In a collaborative learning environment, students will increase their knowledge of budgeting, spending behavior, credit scores, credit card use, and college costs. Learning activities will provide students an opportunity to apply course content to their personal financial situation. Through personal reflection and analysis, students will become empowered to make financial decisions that support their educational and career goals.
Examine personal finance concepts and how to apply in students’ own lives, both while attending college and after graduation. Students will engage with classmates and utilize online resources to actively learn and comprehend the basics of personal financial management.
Examines the concepts and tools that are needed by managers when making financial decisions. Students are required to analyze a financial statement, assess risk, calculate the cost of capital for capital budgeting, and describe the methods for valuing securities such as stocks and bonds for an organization. Approach to the course content is from a manager's perspective on how to make value-creating decisions for an organization's stakeholders.
Explores investment in personal and commercial real estate from a valuation and decision making perspective. Topics include the legal and regulatory environment, financing alternatives, real estate brokerage, and local market conditions. Students will learn valuation techniques to aid in decision-making within the real estate industry.
Teaches the importance of statistical thinking in forming business decisions. Students will develop the basic ability to think statistically by using an investigative process of problem-solving and decision-making, while exploring relationships between multiple factors or data points in a given situation. The statistical literacy developed in this course focuses on conceptual understanding of data, and the integration of this data with real-life context and business goals. Topics include frequency distributions and graphs, measures of central tendency, correlation, regression, probability, hypothesis testing (incl. t-test and chi-square), confidence intervals, and application of these concepts through use of both Excel and Pearson’s StatCrunch statistics application.
Explores the banking and financial services industries. Students study the different types of banking institutions, their roles in the market, and the analytical techniques bankers use to manage profit and risk. We examine the origins of banks and their competitors, learn the structure of bank financial statements and how they are evaluated, and review how bank management mitigates market risks.
Examine investment and personal finance concepts that arise from financial planning and personal wealth management activities. Topics include: the identification of client financial status and goals, asset allocation, personal financial statements and cash management, debt, tax planning, risk management and insurance, retirement planning, and estate planning.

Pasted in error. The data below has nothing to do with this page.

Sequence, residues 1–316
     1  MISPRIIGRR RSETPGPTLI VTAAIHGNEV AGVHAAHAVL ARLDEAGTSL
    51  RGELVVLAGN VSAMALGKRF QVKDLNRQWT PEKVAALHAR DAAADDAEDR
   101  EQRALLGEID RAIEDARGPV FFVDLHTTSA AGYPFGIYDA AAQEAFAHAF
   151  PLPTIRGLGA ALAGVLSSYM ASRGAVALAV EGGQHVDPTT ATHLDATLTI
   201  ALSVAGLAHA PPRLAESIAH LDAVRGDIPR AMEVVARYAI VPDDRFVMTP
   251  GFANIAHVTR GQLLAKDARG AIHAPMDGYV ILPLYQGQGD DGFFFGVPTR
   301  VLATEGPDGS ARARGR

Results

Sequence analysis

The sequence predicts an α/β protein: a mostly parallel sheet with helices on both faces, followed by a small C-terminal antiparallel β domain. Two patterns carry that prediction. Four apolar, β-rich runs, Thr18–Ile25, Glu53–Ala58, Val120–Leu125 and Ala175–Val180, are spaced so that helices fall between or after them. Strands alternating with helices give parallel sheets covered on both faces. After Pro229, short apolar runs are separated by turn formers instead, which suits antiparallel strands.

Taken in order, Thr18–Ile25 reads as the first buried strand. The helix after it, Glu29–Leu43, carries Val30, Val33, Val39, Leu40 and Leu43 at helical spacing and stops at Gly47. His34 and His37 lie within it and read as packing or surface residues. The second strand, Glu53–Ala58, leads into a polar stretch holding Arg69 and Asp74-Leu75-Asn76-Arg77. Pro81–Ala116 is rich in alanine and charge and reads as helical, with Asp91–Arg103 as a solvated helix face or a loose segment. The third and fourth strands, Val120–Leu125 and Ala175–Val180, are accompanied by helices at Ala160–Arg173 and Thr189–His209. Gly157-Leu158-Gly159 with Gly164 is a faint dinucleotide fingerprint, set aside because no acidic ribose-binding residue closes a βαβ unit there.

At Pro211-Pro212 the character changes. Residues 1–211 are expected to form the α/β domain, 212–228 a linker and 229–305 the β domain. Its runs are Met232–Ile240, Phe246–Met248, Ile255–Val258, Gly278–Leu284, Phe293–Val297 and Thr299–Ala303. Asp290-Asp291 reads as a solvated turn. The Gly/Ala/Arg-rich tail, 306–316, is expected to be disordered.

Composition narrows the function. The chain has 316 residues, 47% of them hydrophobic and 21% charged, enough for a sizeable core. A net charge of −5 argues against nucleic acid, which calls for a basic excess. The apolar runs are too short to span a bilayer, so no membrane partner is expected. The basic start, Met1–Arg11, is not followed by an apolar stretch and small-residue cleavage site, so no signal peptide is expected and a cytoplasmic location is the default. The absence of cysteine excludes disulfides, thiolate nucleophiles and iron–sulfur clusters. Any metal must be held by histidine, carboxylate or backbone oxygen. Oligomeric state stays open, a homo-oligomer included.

Examines a current finance issue. Topics may relate to any functional area of the finance profession and are chosen based on the mutual interest of faculty and students.
Utilize MS Excel to examine the concepts and tools needed by managers and analysts when making financial decisions. Students are required to use MS Excel to create and analyze spreadsheets and data visualizations that will be useful in accounting and financial management. The course is approached from an accountant or finance analyst’s perspective on how to make value-creating tools for an organization’s managers using MS Excel.
Topics in Finance.
Explores factors that influence the basic decisions of the firm in an international setting.
In this course, you will learn the roles played by financial markets and institutions in the efficient allocation of funds from lenders to borrowers. Student will develop critical thinking skills as applied to financial markets and institutions. Topics include the determination of asset prices; the risk and term structure of interest rates; risk management and financial derivatives; financial market, structure, innovation, and regulation; and financial crises.
A supervised, off-campus work experience that allows the student to apply concepts and techniques learned in the classroom. Students work with a faculty advisor to design the internship and are evaluated by the on-site supervisor.
The objective of this course is to learn how to make sound investing decisions. Students study the different types of investments available, the markets they are traded in and the sources of information that are available to investors. We then examine the relationship between risk and return, techniques for valuing securities and the construction and management of portfolios.
Engages students in an in-depth examination of a current finance issue. Topics may relate to any functional area of the finance profession and are chosen based on the mutual interest of faculty and students.
The course explores advanced finance concepts including corporate decision making involving the issuance of debt and equity securities, dividend and stock policies, evaluation of a corporation's governance and ownership structures and analysis of mergers and acquisitions. Students will be required to complete a financial analysis term project of a publicly traded corporation.
Student selects a topic in professional finance and completes an individual study that may involve research and/or field experience.